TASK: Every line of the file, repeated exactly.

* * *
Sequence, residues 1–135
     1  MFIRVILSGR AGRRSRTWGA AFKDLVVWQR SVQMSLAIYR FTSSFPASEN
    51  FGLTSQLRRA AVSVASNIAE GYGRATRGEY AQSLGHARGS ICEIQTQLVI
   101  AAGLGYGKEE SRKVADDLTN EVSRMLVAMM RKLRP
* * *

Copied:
Sequence, residues 1–135
     1  MFIRVILSGR AGRRSRTWGA AFKDLVVWQR SVQMSLAIYR FTSSFPASEN
    51  FGLTSQLRRA AVSVASNIAE GYGRATRGEY AQSLGHARGS ICEIQTQLVI
   101  AAGLGYGKEE SRKVADDLTN EVSRMLVAMM RKLRP